Many analysts and pundits scoffed at Google’s decision to change its name to Alphabet. However, no one is laughing now that Alphabet has surpassed Apple as the single most valuable public company in the world. For product managers and C-level executives, the race is on to determine where to place that one big bet to become the next Alphabet. At least that’s what many might think.

No successful company makes it to the top of the food chain by hitting the lottery on a single, big bet—not even Google/Alphabet or Apple. If you’re one of the many companies thinking of an investment as a drain on cash flow that must be recouped immediately, it’s time to shift your perspective.

To achieve true ROI, you have to rethink your definition of the “investment” part to include: a real understanding of total cost of ownership (TCO), an approach that diversifies risk across an option portfolio, and a focus on making small, iterative bets. 

Total Cost of Ownership—More than Just Your Initial Capital Investment 

When you’re developing a new product, you might sit down with the finance department and listen to the results of hundreds of Black Scholes or Monte Carlo simulations to determine risk. The problem with these simulations is that many product managers skew the results with a misguided view of total cost of ownership.

The TCO for your new product isn’t just the, say, $1 million spent in development. You have to consider hosting costs, insurance, license compliance, server and software costs and so much more. If you haven’t mastered the art of envisioning the whole total cost of ownership picture, there’s no way you can obtain an accurate ROI forecast. 

When you’re developing new products for digital disruption, forecast your revenue at zero (or near-zero) and understand that you’re making an investment. You won’t break even in the first year; but as production extends into the second and third years, it can become an economy of scale and your initial capital investment starts to pay off.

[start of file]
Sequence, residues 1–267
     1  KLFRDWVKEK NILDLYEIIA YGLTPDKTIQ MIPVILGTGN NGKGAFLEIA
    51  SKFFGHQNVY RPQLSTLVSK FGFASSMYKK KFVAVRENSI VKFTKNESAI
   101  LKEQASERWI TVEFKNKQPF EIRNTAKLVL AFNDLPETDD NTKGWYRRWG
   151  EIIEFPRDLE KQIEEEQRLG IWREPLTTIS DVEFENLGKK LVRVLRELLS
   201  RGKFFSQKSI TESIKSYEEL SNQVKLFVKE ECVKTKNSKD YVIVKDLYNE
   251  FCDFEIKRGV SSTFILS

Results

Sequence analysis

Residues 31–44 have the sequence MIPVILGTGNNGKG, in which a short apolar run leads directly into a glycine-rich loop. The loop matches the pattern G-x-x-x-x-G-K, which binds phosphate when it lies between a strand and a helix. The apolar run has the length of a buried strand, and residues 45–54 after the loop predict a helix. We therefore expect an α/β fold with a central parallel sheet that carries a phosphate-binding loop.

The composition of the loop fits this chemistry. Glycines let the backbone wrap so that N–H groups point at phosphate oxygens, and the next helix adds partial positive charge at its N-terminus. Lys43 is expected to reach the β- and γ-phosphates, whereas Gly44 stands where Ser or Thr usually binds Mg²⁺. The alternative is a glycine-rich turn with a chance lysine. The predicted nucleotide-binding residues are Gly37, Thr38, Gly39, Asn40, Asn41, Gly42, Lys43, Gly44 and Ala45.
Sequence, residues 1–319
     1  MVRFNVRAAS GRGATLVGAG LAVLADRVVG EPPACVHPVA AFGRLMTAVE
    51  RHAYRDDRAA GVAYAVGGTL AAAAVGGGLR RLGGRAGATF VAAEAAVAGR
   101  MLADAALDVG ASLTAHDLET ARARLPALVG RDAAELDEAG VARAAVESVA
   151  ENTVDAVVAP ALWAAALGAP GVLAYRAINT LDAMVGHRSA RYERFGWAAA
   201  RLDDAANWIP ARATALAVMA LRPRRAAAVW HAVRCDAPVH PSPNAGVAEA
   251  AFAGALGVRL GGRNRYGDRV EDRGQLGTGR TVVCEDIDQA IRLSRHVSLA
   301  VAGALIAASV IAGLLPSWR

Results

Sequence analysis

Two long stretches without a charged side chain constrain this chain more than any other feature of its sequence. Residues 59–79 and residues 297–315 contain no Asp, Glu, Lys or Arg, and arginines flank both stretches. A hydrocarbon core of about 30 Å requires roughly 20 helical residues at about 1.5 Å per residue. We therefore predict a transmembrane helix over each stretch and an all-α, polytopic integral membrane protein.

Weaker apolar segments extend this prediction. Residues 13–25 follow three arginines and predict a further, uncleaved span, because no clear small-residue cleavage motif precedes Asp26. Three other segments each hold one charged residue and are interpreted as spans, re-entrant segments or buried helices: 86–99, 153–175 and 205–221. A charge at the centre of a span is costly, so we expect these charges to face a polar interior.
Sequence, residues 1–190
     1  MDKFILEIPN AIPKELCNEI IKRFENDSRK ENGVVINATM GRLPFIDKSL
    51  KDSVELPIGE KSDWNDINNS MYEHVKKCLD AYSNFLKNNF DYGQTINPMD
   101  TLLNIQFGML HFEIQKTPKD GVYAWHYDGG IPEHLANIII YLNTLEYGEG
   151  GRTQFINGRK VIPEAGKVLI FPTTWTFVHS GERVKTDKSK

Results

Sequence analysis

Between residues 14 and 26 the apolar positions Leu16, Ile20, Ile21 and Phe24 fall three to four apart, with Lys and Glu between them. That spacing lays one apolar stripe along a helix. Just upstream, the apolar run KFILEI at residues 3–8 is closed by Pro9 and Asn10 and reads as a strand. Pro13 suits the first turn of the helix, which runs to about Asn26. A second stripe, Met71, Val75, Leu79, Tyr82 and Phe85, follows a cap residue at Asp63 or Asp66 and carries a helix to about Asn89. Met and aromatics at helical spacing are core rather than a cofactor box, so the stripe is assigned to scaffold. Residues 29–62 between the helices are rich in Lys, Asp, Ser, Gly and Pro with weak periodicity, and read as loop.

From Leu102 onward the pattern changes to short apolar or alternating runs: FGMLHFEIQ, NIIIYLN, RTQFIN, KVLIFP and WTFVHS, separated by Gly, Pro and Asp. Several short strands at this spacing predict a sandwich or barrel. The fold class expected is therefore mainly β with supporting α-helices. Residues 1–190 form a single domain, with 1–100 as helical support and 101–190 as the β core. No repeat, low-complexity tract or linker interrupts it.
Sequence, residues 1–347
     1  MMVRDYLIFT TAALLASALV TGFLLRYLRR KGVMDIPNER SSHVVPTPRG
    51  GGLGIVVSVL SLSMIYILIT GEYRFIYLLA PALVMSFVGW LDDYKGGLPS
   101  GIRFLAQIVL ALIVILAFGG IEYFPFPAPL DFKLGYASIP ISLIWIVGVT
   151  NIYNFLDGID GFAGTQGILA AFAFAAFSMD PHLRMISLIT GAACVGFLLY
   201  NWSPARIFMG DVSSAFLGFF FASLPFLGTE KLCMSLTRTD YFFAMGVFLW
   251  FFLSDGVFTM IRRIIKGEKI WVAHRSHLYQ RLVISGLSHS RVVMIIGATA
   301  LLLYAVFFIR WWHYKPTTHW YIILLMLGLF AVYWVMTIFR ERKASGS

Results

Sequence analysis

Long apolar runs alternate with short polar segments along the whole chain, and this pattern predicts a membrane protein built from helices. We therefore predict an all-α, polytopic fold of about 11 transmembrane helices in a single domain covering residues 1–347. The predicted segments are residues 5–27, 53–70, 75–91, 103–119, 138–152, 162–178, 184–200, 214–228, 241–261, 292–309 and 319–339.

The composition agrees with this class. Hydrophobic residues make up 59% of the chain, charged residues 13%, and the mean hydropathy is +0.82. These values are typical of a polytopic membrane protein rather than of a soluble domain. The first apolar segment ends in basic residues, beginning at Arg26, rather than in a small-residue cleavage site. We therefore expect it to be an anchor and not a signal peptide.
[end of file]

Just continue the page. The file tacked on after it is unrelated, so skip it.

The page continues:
Patience and a realistic forecast are essential—but you also have to manage the risk correctly.

Think of Innovation Projects as a Diverse Option Portfolio

You can rely on your biggest projects and cash cows to pay off for your company. However, the same can’t be said for your innovative projects as you attempt to digitize your portfolio.  

Step back from your focus on ROI and start thinking about your innovation projects as a diverse option portfolio. Consider how Alphabet just became the most valuable public company in the world. The revenue generated from Google obviously drives the organization; but Alphabet’s earnings report lists “Other Bets” as a $3.56 billion operating loss with just $448 million in revenue.

Our End to End Guide to Product Development

This “Other Bets” umbrella includes Google’s diverse pool of bets, which covers anything from self-driving cars to internet balloons. Your company probably won’t want to take on that kind of loss, but the idea remains the same.

Diversify your bets, temper your ROI expectations for each project and look for one of your bets to take you to the top of the market. You might think that the bigger you make each bet, the greater chance for a big return—but this is misguided.

Why Making many small bets is the best way to see great roi

The key to successful innovation is the ability to stay small and take an iterative approach to a small bet. Focus on your target market and its specific needs, iterate quickly with a specific need in mind and keep building until you have a successful product. And iterating a bigger pool of smaller bets in agile environments gives you a greater chance of success without the risks associated with big bets.

Here’s a good motto to live by: Try fast, iterate fast, fail quickly, and stop.

Staying small and iteration in agile environments is essential, but you can’t forget to stop. If you want to run with the biggest players in the market, you’ll have to leave any attachment to projects behind. Just look at Facebook, which attempted to launch at least two public Snapchat competitors (Poke in 2012 and Slingshot in 2014) that failed miserably.

Make those small bets, but realize when they’re failing and move on to the next iteration quickly before your investment simply becomes a loss.

Maybe you don’t have enough hours in the day to come up with so many iterations on your big idea. If you want to alleviate some of the innovation pressure, Dialexa can help. Download our End-to-End Product Development White Paper and learn how our team of experts can put you on the right track to achieving true ROI.

Click to Comment